The Stereo 80 was the little brother of the Stereo 120. The Stereo 80 and 120 had similar designs. The main differences were:
Stereo 120 had an electronically regulated power supply and larger power transformer
Stereo 120 had larger heat sinks
Stereo 120 put out 60 Watts per channel, versus 40 Watts per channel for the Stereo 80
Stereo 120 had a larger chassis with protected binding posts, Stereo 80 had screw terminals for the speakers
The 120's regulated supply maintains the power supply output at 72 volts until the current limit is reached. The 80's unregulated
power supply output voltage sags as output power increases. Owing to the regulated power supply, it's my belief that the 120 should
measure and sound better than the 80, but there are a wide variety of opinions on this subject.
Almost 50 Watts per channel into 8 Ohms at 1 kHz, single channel driven
A bit more than 80 watts per channel into 4 Ohms at 1 kHz single channel driven
THD + Noise below 0.01%, with 0.002% typically measured (1 KHz, 40 Watts, 8 Ohms)
Restoring a Stereo 80 with the PWRAMP80 Kit
This gallery shows how I started with a particularly dirty Stereo 80, and ended up with a nice sounding amp. At the end of the day, there
are still some cosmetic problems. The Mother's Chrome polish did a good job, but the chrome part of the chassis was so heavily pitted that a
lot of rust damage remains. Still, the amp sounds and measures great! Then too, it only cost $40 on Ebay!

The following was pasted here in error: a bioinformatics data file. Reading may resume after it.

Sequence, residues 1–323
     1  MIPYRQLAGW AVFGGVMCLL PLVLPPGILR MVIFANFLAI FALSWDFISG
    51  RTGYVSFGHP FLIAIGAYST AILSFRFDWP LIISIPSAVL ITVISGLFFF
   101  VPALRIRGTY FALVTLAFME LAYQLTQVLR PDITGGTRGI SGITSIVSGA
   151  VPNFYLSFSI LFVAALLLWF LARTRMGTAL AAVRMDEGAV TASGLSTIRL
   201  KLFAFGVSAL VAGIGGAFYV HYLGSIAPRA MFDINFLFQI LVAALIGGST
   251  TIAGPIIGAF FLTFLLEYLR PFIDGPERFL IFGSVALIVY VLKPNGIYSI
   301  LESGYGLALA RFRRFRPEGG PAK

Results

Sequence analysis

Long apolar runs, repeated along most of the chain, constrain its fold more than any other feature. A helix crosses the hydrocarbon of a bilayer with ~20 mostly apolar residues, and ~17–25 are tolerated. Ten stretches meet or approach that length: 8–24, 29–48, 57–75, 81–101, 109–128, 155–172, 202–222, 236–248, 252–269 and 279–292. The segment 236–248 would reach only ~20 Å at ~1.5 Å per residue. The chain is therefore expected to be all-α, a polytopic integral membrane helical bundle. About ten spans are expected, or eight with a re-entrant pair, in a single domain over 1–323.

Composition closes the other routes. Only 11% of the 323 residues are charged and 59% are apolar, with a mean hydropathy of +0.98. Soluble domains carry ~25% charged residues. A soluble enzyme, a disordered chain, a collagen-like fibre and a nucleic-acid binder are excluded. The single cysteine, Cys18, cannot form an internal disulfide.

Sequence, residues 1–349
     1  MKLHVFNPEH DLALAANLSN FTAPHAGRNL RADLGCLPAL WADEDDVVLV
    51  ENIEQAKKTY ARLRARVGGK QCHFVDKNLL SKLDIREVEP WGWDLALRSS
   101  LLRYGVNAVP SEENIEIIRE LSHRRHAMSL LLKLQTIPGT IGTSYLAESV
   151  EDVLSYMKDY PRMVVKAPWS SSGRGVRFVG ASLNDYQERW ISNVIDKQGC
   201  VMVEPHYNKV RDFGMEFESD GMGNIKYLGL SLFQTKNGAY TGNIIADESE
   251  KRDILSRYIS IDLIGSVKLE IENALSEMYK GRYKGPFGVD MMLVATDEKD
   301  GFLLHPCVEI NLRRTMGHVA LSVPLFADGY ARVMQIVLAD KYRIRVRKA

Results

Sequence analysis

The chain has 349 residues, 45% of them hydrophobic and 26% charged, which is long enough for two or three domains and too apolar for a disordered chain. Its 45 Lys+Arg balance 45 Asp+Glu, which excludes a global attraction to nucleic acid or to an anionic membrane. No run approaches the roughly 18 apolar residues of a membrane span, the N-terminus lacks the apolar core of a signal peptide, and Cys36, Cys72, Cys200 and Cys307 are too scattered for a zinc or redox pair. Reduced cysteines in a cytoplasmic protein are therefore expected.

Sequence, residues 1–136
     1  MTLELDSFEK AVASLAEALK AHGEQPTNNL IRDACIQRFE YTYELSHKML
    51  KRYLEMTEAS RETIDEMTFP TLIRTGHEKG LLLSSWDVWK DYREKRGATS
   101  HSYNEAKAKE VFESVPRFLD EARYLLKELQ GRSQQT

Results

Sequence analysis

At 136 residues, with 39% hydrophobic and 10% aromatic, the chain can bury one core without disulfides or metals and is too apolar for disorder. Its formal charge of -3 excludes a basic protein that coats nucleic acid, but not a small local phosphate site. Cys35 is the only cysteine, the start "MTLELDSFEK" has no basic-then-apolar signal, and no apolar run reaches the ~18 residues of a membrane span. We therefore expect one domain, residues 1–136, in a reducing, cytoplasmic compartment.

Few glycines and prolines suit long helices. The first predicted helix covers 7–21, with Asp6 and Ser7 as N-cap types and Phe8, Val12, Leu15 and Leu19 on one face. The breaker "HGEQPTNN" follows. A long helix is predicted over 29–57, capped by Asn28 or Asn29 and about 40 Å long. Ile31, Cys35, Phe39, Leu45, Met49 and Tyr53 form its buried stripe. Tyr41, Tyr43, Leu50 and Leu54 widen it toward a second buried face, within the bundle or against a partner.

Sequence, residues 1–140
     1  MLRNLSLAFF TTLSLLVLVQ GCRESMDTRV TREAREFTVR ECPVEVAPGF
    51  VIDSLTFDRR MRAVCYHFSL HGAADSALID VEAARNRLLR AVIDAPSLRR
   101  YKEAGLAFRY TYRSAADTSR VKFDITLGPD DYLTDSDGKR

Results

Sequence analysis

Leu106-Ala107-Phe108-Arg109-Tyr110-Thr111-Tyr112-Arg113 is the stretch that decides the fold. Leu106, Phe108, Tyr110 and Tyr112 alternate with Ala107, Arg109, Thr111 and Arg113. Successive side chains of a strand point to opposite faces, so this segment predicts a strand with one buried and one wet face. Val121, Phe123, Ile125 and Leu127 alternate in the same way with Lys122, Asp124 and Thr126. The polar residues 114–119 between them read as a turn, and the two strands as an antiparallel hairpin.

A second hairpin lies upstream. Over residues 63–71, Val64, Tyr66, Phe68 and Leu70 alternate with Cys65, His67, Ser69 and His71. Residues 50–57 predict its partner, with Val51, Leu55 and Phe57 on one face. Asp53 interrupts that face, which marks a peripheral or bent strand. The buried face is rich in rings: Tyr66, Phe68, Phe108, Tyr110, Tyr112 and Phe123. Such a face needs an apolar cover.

Stereo 80 Capacitor Kit
The most usual failure mode in the stereo 80 is that the big can capacitors lose capacitance. We listed them above, but there's an
easier way to go. Just order the Stereo 80 Capacitor Kit. It bundles the following items:
C7X2 kit - a dynamite capacitor arrangement that bumps the output capacitor value from 5000 uF to 9900 uF, improving bass power and
lowering bass distortion. A single C7X2 kit replaces both the left and right C7 output capacitors.The C7X2 kit also includes a 100K resistor
that you don't use in the Stereo 80 application.
Half of a PSRC - a single 3900 uF 100 Volt capacitor which replaces C11, which was a 1000 uF capacitor. This increase also decreases
noise and distortion by better filtering the driver supply rail.
SCA80C9 kit - replaces the original 5000 uF C9 bulk filter with 9900 uF in a dynamite capacitor arrangement. Once again, this increase
in capacitance lowers distortion and allows the ST80 to produce more power, and in particular, more power at low frequencies.
Updated Stereo 80, the Hard way!
Long before the PWRAMP80 kit was available, one of my customers, Tim, did the first such conversion. For that conversion, he ordered:
A special toroidal transformer (send me an email, and we can work it out)
Special power supply capacitors (send me an email, and we can work it out)
Tim is a handy guy, and he fabricated his own version of super heatsinks, along with a special super heat sink for the power supply.
He arranged them in the U-shaped form shown in the following pictures. That shape allowed him to fit (essentially) the same transformer
as we use in the GT-101 power amplifier, making the power supply brawny enough to support the higher output power.
You'll note that Tim has retro-fit:
gold binding posts for the speaker
isolated RCA input jacks
a 3-wire IEC style power connector
I don't think he put a blue-light kit on the amp, but hey, nobody's perfect :)
The end result is 120 Watts (60 Watts/channel) is the smaller footprint of a Stereo 80!